Autoimmune diseases, diseases that are due to the body’s immune system mistaking its own tissues for “outside” or “disease” can be among the most debilitating diseases known to the medical community. That may change someday, thanks to research at the National Institutes of Health’s National Institute of Allergy and Infectious Diseases.
In a paper appearing in the January, 2007 issue of the Journal of Experimental Medicine, Rafael Casellas and colleaguesreport they have identified a specific situation which the body’s immune mechanism may attack the body’s own cells as if they were viruses or some other potentially dangerous organism..
What the researchers found was that although the body “monitors” antibody production at the cellular level, there are occasions when an antibody against the body’s normal tissue or tissues may be produced. Normally the body will “correct” such mistakes before more antibodies can be produced, but in autoimmune diseases this “correction” is either incomplete or does not happen at all. The result is a long-term attack by the body against a part of itself.
Before discussing the importance of this finding, we need to review quickly review the normal function of both the b- and t-lymphocytes.
What B-lymphocytes (and Their Relatives) Usually Do
Everyone has 3 basic types of cells that make up their blood: erythrocytes (red blood cells; the cells that carry oxygen to the rest of the body’s cells), platelets (the tiny cells that cause blood to clot when a blood vessel is injured), and leukocytes (white blood cells; the cells that are responsible for destroying disease-causing organisms). Although not discussed here, leukocytes are further divided into categories based on their appearance when viewed with a microscope with the two major divisions being polymorphonucleocytes (“poly” = many; “morpho” = shapes or forms; “nucleo” = nucleus [center]; and “cytes” = cells, taken together = “cells with variously-shaped centers”) and lymphocytes.
Generally speaking, the “polys” are responsible for preventing infections while the “lymphs” are the essential components of the body’s immune system. There are three types of lymphocytes: Natural Killer Cells (NK cells), T-lymphocytes, and B-lymphocytes. The NK cells are the body’s first line of defense by way of a process that is sometimes called the “shoot first and ask questions later” response. These cells will attack any other cell displaying a group of “foreign” proteins known as MHC (Major Histocompatibility Complex) class I molecules on their cell walls. Once a “foreign” cell is identified, the NK cell will attach itself to the invader and release special proteins that will attack and destroy the invader.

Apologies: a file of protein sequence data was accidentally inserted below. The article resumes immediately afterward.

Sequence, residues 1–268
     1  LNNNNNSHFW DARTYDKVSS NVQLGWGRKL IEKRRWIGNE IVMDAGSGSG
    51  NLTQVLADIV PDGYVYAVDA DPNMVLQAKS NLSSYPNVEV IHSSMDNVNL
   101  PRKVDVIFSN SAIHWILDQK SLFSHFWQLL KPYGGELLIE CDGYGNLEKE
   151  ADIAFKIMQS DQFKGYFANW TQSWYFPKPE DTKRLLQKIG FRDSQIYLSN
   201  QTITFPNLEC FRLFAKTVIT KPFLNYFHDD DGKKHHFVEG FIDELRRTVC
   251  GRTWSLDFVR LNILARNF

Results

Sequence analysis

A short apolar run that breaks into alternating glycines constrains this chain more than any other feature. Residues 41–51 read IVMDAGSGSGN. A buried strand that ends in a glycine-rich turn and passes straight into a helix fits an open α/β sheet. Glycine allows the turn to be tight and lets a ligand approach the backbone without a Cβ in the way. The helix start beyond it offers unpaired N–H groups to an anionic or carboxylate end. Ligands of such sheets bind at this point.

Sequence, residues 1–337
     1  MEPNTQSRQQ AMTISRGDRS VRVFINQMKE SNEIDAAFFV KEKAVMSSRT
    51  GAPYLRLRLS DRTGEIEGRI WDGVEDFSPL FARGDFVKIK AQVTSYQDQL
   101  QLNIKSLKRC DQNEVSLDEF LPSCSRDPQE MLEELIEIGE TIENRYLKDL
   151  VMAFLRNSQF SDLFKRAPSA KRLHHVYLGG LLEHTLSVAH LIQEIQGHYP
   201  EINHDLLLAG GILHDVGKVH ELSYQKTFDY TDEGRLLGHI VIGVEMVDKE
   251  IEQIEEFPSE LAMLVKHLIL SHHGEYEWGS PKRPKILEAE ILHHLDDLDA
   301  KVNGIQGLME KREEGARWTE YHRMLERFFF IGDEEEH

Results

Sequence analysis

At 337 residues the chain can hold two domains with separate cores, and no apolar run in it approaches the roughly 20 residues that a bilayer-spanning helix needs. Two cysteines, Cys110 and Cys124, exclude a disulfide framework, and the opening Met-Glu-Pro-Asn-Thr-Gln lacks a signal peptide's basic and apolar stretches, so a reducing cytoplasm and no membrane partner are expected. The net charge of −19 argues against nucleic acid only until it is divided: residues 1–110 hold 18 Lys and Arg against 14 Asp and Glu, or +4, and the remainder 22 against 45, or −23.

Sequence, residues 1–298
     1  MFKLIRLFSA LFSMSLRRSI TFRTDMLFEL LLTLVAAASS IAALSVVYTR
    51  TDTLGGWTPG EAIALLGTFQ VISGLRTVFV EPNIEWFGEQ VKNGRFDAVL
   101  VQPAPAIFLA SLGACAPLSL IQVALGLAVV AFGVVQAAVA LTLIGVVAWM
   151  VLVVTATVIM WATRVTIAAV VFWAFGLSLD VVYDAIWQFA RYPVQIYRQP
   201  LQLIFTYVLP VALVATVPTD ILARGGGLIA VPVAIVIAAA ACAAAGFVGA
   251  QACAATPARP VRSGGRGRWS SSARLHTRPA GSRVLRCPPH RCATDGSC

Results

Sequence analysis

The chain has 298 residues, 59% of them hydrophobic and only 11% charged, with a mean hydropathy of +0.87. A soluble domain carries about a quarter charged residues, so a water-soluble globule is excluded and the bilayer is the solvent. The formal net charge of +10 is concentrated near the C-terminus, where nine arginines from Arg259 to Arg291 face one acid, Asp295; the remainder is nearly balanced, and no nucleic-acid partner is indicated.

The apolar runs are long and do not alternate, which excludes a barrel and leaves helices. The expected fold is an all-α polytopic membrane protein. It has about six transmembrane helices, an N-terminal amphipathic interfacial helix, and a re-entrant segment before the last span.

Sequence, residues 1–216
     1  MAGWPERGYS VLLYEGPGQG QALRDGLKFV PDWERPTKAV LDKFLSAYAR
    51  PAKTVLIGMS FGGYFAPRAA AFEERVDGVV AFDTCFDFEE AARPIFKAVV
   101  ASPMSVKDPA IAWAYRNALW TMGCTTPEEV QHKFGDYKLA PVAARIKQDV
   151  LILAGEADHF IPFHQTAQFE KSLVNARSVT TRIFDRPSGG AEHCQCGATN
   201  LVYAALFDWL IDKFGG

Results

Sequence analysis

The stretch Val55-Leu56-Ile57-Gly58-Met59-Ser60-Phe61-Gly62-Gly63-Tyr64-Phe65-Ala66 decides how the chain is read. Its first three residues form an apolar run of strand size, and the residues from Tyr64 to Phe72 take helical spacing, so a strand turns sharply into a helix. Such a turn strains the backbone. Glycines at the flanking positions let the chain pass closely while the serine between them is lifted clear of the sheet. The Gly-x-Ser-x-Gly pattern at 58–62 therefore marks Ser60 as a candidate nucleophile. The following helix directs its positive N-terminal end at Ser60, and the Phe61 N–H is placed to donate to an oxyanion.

T-lymphocytes are normally present in several different types with each type performing a different role in maintaining the body’s immune system such as activating other cells or manufacturing special proteins called antibodies. Of note, the class of t-lymphocytes known as Th lymphocytes (also called “t-helper”) are the cells attacked by the HIV virus.
B-lymphocytes are the cells responsible for producing antibodies, the special proteins that that attack and neutralize organisms from outside the body. Some b-lymphocytes are also transformed into “memory cells,” that “remember” the invader and the proper sequence of proteins required to create the antibodies should the same organism invade the body at a later time. This process is, of course, much more complicated than can be described here but it will do for now.
Autoimmune Diseases and Syndromes
Many conditions are known to be caused by an autoimmune response. Rheumatoid arthritis (RA), Systemic Lupus Erythematosus (SLE), and Diabetes Mellitus Type 1 (Insulin-Dependent Diabetes) are some of the better-known autoimmune diseases while Schizophrenia, Myasthenia Gravis (Lou Gehrig’s Disease), Chronic Fatigue Syndrome, and Ulcerative Colitis (among many others) are suspected of having at least a partial autoimmune component. (See the Wikipedia entry “List of Autoimmune Diseases” for a complete listing).
The current treatment for most autoimmune conditions is symptom-specific e.g. analgesics for pain, anti-inflammatory drugs such as NSAIDS, or drug classes such as the steroids to blunt the immunes system’s activity.
As previously mentioned, the function of the body’s immune system is far too complex to explain in a single article, but the results reported by the NIH researchers represent a firm step forward in both finding the ultimate cause of (and an effective therapy for) autoimmune diseases. Sadly, we still have a long road ahead of us before these terrible diseases cease to be death sentences.
References / For More Information
NIH / NIAID: Press Release: “Scientists Learn the Origin of Rouge B Cells” Available at http://www.nih.gov/news/pr/feb2007/niams-07.htm.
Rafael Casellas, Qingzhao Zhang, Nai-Ying Zheng, Melissa D. Mathias, Kenneth Smith, and Patrick C. Wilson: Igk allelicinclusion is a consequence of receptor editing. J. Exp. Med. 2007 204: 153-160 (Abstract available at http://www.jem.org/cgi/content/abstract/204/1/153).
The American Autoimmune and Related Disorders Association website can be found at http://www.aarda.org/
The information presented in this article and its included links is of an informational nature only and is not intended as a recommendation of any changes in the reader’s health care program. Before making any changes in diet, medications, or other treatments the reader is strongly advised to consult with their health care provider.